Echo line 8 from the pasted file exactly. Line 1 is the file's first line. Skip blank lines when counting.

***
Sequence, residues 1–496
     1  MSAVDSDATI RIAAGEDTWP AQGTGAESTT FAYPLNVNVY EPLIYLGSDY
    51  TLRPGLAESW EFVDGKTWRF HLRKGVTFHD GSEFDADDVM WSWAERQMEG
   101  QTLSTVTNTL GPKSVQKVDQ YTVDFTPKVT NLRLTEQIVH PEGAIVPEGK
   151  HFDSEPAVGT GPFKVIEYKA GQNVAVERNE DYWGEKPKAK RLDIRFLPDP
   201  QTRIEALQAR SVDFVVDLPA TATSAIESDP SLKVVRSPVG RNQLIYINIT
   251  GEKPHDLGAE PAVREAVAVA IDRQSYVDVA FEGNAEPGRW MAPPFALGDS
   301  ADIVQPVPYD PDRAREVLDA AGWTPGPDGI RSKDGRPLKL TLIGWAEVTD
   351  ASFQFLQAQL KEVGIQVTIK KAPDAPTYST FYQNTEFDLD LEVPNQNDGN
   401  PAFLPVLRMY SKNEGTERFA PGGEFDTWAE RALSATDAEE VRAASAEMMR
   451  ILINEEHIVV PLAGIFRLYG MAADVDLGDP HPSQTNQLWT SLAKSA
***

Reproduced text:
   301  ADIVQPVPYD PDRAREVLDA AGWTPGPDGI RSKDGRPLKL TLIGWAEVTD